The US
Grant is a historic, luxurious property.
But the meaning of luxury is shifting.
How does that translate to your bar
program and the type of customers
who come in?
I think luxury
means to exceed one’s expectations,
and it is the expectations that are shift-
ing. Our bar program aims to offer menu
concepts and ideas that you simply
can’t find anywhere else in terms of in-
novation, service and quality.
One of those concepts is Cocktails
Sur Lie (Sur lie is a French term that
means having been rested on its yeast.
Josenhans’s Cocktails Sur Lie are bottle-
conditioned; added yeast, sugar and
spirits create carbonation in accordance
with the Champagne method, while the
hopping process adds the brewer’s flair.)
What was the inspiration?
From a combination of wanting to
push the envelope in a competitive mar-
ket, needing to utilize my other skills
(sommelier, working on a corporate level)
and wanting to build upon the progres-
sion of cocktail programs put in place
previously. We currently serve the Mos-
cow Mule-inspired Mule (vodka, ginger,
Muscat, Cascade hops) and La Granade
(Cognac, hibiscus tea, pomegranate
juice, bay leaves, black pepper.)
What are some of the new
concepts you have planned for the
The next challenge is taking on the
Cosmopolitan. This worn-out classic is
due for a revamp. We are also moving on
to a raw cocktail menu concept where we
use one whole fruit, like a Granny Smith
apple, fresh-squeezed per cocktail.
You worked hand in hand with
the chef to develop a rooftop garden.
What are you growing up there that
find its way into cocktails?
We plant all of our cocktail ingredients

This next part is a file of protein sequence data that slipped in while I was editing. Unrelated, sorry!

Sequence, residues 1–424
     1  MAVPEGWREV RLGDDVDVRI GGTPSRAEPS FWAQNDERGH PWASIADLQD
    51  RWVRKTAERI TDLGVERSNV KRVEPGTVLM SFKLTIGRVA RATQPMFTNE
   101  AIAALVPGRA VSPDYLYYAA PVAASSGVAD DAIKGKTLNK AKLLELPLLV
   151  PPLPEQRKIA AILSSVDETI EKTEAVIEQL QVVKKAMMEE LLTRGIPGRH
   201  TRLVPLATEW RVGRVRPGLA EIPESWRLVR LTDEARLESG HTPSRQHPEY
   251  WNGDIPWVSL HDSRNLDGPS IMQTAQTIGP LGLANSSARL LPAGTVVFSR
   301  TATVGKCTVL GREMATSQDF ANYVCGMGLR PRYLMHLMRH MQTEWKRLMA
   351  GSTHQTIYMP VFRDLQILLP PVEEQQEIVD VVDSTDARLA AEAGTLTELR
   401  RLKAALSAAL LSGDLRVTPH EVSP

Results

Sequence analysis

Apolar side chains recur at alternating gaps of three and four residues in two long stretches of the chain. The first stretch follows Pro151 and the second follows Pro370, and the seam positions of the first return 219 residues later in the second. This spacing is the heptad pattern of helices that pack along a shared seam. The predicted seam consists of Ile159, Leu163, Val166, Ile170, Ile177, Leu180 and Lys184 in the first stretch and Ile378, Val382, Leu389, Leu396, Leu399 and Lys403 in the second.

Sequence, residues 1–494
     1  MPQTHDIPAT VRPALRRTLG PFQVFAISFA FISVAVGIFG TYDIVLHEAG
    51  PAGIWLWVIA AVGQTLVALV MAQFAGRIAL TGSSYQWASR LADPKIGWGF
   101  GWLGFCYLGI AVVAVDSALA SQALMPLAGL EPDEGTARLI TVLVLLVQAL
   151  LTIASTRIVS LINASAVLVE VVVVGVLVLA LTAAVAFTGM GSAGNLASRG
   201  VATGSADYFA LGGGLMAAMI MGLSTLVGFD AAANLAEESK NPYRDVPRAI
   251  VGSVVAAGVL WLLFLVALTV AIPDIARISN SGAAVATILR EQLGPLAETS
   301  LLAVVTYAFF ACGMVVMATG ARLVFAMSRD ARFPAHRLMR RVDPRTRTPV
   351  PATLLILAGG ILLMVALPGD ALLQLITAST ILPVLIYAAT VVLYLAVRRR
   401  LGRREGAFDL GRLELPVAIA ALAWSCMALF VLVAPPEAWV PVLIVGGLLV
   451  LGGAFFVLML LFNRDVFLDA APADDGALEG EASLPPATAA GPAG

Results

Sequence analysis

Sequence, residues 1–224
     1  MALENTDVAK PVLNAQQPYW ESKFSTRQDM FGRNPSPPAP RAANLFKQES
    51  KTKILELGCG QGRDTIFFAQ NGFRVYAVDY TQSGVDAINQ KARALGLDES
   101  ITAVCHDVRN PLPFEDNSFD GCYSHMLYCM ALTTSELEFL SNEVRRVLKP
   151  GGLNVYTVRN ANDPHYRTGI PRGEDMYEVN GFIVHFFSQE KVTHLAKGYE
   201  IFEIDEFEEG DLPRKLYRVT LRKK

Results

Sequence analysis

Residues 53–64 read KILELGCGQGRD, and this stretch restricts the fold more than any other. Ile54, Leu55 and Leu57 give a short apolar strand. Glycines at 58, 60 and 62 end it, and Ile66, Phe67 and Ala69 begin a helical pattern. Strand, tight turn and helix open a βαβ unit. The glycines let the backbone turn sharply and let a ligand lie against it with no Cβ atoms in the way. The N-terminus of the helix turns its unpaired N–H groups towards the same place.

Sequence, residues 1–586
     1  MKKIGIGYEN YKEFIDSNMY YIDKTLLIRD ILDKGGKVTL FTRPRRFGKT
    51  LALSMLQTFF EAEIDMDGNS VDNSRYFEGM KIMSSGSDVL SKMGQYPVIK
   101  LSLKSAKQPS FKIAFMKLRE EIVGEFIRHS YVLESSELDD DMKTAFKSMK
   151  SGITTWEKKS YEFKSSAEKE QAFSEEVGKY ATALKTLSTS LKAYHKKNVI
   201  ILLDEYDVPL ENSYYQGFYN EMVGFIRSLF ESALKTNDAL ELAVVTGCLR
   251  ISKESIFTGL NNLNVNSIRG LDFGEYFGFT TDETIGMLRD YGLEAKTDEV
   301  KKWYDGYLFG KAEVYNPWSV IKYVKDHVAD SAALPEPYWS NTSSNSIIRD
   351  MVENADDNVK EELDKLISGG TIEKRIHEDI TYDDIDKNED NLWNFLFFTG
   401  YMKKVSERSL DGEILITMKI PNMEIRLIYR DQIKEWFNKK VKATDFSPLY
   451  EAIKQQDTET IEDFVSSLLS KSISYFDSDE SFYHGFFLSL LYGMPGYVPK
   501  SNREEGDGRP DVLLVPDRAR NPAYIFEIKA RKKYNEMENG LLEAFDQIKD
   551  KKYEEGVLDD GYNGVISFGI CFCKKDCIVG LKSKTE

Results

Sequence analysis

from seed and only use heirloom variet-
ies. Right now we are growing Atomic
Red carrots, Paquito squash, mini sun-
flowers, Chioggia Guardsmark beets, lav-
ender, Buddha’s Hand citron, kumquats,
Meyer lemons, chocolate mint and lemon
verbena. I like to be seasonal in all as-
pects when it comes to cocktails. Many
people will think along the lines of pro-
duce seasons, but I also like to incorpo-
rate culturally seasonal spices. Nutmeg,
for example, is great around Thanksgiv-
ing and Christmas even though it can be
purchased of equal quality year-round.
What trends are you noticing
among your guests?
One is that they are no longer gravitat-
ing towards brand comfort, but are more
interested in exploring new spirit (and
beverage) brands. I think the speakeasy-
driven cocktail scene has been around for
over a decade now and guests are primed
for new cocktail experiences. We typically
dabble very little in vintage cocktails and
try to have a modern approach with an
equally stringent devotion to quality.
What do you deem the biggest
challenge of working at a hotel bar?
The most obvious one is probably the
hardest challenge: that you have guests
in the hotel bar because they are hotel
guests, and therefore their primary interest
is the overall hotel stay. So the quality of
the bed and the food they ate for breakfast
all affect their evaluation of their bar experi-
ence. In many cases the bar experience is
just playing a supporting role of the entire
hotel experience. Beyond that, hotel bars
operate with a much leaner staff than most
private bars, so managing a sound bud-
get is an elevated skill to have at a hotel.
Stay the Night
Jeff Josenhans, the US Grant Hotel, San Diego
ince arriving at San Diego’s famed US Grant Hotel four years ago,
Jeff Josenhans, director of venues for the property, has rejuvenated
the Grant Grill’s beverage program. The beer list is flooded with local
micro-brews; half-bottles of wine from small producers are plentiful; and one
of the star libations is a Centennial Manhattan, barrel-aged in oak for 100 days.
Still, this talented sommelier and bartender is best known for his pioneering
“Cocktails Sur Lie”, which embrace the Champagne method. Here, Josenhans
reveals his flair for the bold at the hotel bar.
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